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The house of the future should be both airtight and breathable. An ‘airtight’ layer on the inside wall means that warm, moist air from areas like the kitchen and bathroom can’t seep into the building fabric. But if moisture does get into the walls, it needs an avenue to escape before it turns into condensation and leads to mould, damp and structural damage.
“It’s about controlling air movement, which helps you save energy, but it’s also about controlling moisture,” Lewis says.
New builds can install breathable membranes made from synthetic polymers, but plaster also works well.
Ventilation, energy and heating
Most of us open a window when we need fresh air. But if it’s cold outside, temperatures in your house will quickly plummet, and pollution and allergens will flood in.
An effective ventilation system solves this problem. A Mechanical Ventilation Heat Recovery (MVHR) unit uses warmth from moist, stale air to heat cold air drawn from outside. Filters on the machine sift out pollution and pollen particulates.
Installing a MVHR system reduces heating demand and can save you 25%-50% on energy bills, the Renewable Energy Hub estimates. The systems are compatible with heat pumps, which pull warmth from the ground or the air around a building.
Water waste system
The amount of available water could be reduced by 10%-15% by 2050, the Environment Agency estimates.
Recycled greywater – wastewater from baths, showers, washing machines, dishwashers and sinks – can help us meet the shortfall. Treated greywater can irrigate gardens and flush toilets, saving approximately 70 litres of drinkable water per person per day in domestic households.
New greywater systems don’t come cheap – a top-line model currently costs between £2,000-£3,000. But more cost-effective ones are currently being developed in Europe and America for household use. Low-tech options are also available, like the ‘laundry to landscape’ model. This greywater system doesn’t alter the household plumbing: a diverter valve directs greywater from the washing machine drain hose to an irrigation system.
Windows should be triple glazed to help with insulation. But as UK summers heat up, they also need to be positioned strategically.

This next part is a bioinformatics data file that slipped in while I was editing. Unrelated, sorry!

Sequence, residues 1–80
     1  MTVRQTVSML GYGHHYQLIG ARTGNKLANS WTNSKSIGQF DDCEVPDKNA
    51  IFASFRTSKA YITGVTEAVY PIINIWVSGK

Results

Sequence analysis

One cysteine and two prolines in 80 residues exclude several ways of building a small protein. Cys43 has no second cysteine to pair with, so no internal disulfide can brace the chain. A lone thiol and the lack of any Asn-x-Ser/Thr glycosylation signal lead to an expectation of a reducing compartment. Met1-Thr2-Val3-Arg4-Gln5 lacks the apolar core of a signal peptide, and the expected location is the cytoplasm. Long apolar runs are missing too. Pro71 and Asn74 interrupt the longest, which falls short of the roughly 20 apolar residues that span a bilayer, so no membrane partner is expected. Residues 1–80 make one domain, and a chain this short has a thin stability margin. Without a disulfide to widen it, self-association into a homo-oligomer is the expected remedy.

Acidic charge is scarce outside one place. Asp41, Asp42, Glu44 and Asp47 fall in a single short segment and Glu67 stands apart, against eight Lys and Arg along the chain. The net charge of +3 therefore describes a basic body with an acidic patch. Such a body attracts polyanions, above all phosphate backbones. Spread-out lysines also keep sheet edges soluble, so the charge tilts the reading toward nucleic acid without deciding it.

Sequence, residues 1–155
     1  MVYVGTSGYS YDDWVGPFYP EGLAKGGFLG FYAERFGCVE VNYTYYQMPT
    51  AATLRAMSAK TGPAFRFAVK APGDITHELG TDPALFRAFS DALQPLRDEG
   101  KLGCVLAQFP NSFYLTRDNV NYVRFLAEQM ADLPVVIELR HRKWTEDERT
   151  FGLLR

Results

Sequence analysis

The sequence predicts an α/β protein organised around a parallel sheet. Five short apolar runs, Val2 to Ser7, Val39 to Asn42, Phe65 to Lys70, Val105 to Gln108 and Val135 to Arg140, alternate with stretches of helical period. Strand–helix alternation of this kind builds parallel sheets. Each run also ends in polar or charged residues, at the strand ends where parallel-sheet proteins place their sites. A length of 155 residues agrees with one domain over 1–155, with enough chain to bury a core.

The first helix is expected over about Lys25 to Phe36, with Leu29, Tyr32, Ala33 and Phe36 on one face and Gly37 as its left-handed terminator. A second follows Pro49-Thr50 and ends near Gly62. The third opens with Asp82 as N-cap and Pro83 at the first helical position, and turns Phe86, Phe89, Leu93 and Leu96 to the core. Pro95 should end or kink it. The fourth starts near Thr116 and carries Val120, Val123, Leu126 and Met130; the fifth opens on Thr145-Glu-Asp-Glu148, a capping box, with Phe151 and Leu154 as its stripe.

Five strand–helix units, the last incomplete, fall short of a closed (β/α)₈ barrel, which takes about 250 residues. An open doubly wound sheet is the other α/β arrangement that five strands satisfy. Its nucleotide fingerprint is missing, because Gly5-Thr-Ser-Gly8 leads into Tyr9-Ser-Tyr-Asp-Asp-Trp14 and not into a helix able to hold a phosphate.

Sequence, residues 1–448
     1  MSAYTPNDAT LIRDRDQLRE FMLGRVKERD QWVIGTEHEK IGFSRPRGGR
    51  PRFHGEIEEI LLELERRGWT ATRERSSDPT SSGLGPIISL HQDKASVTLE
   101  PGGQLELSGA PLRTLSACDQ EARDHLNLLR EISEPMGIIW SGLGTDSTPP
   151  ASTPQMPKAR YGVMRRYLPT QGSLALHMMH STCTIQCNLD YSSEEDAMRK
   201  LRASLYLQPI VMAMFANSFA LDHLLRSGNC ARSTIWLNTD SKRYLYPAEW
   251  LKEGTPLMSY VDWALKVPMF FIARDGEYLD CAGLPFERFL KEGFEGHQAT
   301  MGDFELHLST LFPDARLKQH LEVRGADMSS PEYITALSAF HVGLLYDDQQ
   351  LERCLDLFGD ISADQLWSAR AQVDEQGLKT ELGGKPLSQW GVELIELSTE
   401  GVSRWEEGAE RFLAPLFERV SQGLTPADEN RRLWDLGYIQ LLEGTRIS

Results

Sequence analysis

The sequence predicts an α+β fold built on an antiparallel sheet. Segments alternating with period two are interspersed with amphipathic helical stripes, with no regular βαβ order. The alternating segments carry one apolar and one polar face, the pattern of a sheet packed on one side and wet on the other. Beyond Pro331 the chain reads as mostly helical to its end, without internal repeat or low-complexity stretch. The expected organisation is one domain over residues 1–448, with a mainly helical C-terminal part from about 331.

Buildings with windows facing one way – a common occurrence in flats – are much harder to ventilate as they don’t allow for cross breeze. Windows should have a north and south aspect, rather than east and west, to prevent the sun beaming directly into homes. External shutters can help you beat the heat, as can painting outside walls and roofs a pale, heat-reflecting colour.
At least one operable window in every room is essential.
Photo-voltaic (PV) solar panels capture energy from the sun and convert it into electricity.
There were more than 120,000 solar panel installations in the first six months of this year, industry data suggests – a record high. The average PV system costs roughly £5,500, but you’ll eventually save money by reducing your reliance on expensive power from the national grid.
The Energy Saving Trust estimates that a typical household with a 3.5 kilowatt-peak system – the average solar system installed by UK houses – can reduce its energy bills by anywhere between £190 and £465 per year. You can also make money from your PV systems. When a solar household generates energy that it doesn’t use, this energy is pumped back into the grid. Under a government scheme called the smart export guarantee (SEG), companies have to pay customers for this spare electricity.
These rates vary by supplier, but it’s more cost effective to store energy for later than to pump it back into the grid – so the house of the future should have solar battery power, too.